Whenever sensitive documentation is discarded the practice uses an appropriate method of destruction (e.g. shredding/confidential waste service for paper records or compliant electronic data destruction for electronic records).


Electronic information is transmitted over the public network in an encrypted format using secure messaging software. Where medical information is sent by post the use of secure postage or a courier service is determined on a case by case basis.

Items for collection or postage are left in a secure area not in view of the public.

Incoming correspondence is managed in line withe the practice’s Incoming Correspondence Process.



Facsimile, printers and other electronic communication devices in the practice are located in areas that are only accessible to the general practitioners and other authorised staff. Faxing is point to point and will therefore usually only be transmitted to one location

All faxes containing confidential information are sent to fax numbers after ensuring the recipient is the designated receiver. Faxes received are managed according to incoming correspondence procedures

The practice uses a fax disclaimer notice on outgoing faxes that affiliates with the practice:

PRIVATE & CONFIDENTIAL The information contained in this e-mail and their attached files, including replies and forwarded copies, are confidential and intended solely for the addressee(s) and may be legally privileged or prohibited
from disclosure and unauthorised use. If you are not the intended recipient any form of reproduction, dissemination, copying, disclosure, modification, distribution and/or publication or any action taken or omitted to be taken in
reliance upon this message or its attachments is prohibited. All liability for viruses is excluded to the fullest extent permitted by law.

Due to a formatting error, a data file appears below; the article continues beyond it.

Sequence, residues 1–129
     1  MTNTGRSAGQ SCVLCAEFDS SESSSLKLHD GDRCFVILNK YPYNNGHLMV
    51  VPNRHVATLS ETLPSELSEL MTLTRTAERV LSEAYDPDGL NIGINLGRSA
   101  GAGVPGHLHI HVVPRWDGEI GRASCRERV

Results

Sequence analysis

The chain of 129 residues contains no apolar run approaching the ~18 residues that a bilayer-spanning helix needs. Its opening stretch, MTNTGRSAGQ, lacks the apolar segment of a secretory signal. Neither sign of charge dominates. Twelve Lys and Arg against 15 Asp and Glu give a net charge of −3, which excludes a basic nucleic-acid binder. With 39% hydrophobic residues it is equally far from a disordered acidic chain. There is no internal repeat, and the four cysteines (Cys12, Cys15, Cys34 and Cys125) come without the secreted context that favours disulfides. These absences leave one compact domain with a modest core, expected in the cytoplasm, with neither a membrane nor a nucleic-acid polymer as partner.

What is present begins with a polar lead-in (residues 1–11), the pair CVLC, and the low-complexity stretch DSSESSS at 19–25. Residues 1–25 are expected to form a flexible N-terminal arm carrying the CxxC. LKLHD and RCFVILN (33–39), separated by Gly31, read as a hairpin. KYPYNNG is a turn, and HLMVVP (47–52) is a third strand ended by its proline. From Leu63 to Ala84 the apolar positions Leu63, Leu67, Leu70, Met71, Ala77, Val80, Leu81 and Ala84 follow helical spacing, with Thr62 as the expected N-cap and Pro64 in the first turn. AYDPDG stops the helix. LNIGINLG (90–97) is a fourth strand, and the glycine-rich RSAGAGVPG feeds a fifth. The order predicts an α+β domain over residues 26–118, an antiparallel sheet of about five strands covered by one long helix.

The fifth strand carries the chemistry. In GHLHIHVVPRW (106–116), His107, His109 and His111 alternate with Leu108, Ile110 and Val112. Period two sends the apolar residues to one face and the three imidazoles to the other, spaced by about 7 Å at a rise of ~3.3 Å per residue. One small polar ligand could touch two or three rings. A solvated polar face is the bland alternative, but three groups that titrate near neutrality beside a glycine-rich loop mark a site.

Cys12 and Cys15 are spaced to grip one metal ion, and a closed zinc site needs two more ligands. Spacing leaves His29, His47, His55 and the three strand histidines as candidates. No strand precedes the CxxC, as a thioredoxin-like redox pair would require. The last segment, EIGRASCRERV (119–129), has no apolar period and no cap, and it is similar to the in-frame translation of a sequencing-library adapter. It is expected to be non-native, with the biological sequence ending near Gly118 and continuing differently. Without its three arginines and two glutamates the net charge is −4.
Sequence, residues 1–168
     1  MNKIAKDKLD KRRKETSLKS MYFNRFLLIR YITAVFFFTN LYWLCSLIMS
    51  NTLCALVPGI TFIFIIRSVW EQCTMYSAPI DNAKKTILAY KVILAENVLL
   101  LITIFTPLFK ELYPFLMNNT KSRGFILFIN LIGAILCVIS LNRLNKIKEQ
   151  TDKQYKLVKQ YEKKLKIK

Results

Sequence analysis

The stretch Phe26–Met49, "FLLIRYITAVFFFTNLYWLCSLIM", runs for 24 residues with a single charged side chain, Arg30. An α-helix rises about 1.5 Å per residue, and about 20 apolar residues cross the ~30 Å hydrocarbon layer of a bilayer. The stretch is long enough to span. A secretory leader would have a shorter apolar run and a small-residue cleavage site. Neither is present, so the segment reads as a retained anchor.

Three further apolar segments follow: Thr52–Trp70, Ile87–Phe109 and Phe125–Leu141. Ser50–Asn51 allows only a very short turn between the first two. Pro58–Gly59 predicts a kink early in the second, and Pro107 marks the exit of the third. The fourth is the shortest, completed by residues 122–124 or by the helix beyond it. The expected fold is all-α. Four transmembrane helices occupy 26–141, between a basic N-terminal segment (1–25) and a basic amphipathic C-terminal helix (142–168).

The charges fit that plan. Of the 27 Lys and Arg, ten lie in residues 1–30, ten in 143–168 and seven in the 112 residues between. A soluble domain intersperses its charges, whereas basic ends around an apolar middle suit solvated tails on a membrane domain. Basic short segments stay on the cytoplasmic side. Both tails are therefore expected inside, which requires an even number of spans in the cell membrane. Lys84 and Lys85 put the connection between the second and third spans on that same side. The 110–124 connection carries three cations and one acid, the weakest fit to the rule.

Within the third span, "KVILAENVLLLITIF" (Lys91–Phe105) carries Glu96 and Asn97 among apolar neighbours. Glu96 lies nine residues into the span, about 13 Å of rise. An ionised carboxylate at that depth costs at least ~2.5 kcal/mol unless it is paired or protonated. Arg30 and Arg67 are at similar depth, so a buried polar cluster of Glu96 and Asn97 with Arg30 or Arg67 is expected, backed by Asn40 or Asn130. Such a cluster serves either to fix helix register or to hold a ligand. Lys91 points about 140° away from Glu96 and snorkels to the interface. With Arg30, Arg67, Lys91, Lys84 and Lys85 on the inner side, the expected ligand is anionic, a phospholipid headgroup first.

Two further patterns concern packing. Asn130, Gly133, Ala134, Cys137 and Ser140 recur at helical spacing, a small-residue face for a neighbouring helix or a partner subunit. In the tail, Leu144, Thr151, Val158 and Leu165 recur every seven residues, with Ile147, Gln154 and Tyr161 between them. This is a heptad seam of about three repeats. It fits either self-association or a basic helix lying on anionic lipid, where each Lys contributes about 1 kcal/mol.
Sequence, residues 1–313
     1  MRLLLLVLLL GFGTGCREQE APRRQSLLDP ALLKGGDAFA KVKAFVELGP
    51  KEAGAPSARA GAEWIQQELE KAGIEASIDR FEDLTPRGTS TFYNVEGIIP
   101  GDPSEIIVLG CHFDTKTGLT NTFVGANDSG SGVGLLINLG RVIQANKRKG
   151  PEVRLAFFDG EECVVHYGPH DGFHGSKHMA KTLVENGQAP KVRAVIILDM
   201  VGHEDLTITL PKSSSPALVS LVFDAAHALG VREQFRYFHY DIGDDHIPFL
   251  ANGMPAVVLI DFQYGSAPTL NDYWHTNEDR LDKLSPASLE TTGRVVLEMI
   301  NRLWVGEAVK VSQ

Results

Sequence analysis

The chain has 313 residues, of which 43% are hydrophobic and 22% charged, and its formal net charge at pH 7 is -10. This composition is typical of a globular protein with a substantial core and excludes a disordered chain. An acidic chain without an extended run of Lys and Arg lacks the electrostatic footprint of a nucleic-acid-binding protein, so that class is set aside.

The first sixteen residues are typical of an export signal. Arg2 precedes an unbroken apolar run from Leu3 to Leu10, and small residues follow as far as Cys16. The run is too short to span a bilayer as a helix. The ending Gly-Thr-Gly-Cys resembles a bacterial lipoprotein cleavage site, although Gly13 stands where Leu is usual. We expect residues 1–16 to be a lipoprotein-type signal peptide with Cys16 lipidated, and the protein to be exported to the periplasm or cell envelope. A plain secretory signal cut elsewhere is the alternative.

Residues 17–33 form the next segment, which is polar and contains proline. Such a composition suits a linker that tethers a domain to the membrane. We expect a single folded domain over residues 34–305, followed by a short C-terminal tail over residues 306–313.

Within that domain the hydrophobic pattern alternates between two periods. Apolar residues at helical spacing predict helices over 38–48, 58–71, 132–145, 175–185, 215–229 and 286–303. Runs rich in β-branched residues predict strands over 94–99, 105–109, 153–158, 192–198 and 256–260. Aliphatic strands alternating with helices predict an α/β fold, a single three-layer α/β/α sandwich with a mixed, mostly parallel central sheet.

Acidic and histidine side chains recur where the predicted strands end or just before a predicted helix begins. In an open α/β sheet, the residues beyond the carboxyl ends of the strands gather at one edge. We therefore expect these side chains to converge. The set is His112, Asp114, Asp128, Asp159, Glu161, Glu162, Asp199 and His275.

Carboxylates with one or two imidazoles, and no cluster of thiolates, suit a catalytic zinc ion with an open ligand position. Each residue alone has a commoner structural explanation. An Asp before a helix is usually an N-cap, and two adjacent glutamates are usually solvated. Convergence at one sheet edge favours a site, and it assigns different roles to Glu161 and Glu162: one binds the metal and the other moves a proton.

Emails are sent via various nodes and are at risk of being intercepted. Patient information may only be sent via email if it is securely encrypted according to industry and best practice standards or after consent to send information via non-encrypted email has been provided by the patient and documented in the patients notes.  

Patient Consultations

Patient privacy and security of information is maximised during consultations by closing consulting room doors. All examination couches, including those in the treatment room, have curtains or privacy screens.

When, consulting, treatment room or administration office doors are closed prior to entering staff should either knock and wait for a response or alternatively contact the relevant person by internal phone or email.

Where locks are present on individual rooms these should not be engaged except when the room is not in use

It is the doctor’s/health care professional’s responsibility to ensure that prescription paper, sample medications, medical records and related personal patient information is kept secure, if they leave the room during a consultation or whenever they are not in attendance in their consulting/treatment room.

Medical Records

The physical medical records and related information created and maintained for the continuing management of each patient are the property of the Practice.  This information is deemed a personal health record and while the patient does not have ownership of the record, he/she has the right to access under the provisions of the Commonwealth Privacy and State Health Records Acts. Requests for access to the medical record will be acted upon only if received in written format.

Our patient health records can be accessed by an appropriate team member when required.

The protection of computerised records occurs with password protected computers, screen savers, and staff logging off programs when they move away from a computer. Passwords are changed regularly and are not disclosed to others. Patients are not left unattended in the Dr’s rooms without the screen being locked. Protection of all information contained in medical records is ensured by restricting access to certain staff members and secure passwords. Access to medical records is available by remote access from offsite when required (e.g. from aged care facilities), however offsite access is restricted to Doctors, Clinical Support and Management staff groups. Both active and inactive patient health records are kept and stored securely. 

Computerised Records  

Our practice is considered paperless and has systems in place to protect the privacy, security, quality and integrity of the personal health information held electronically.  Appropriate staff members are trained in computer security policies and procedures.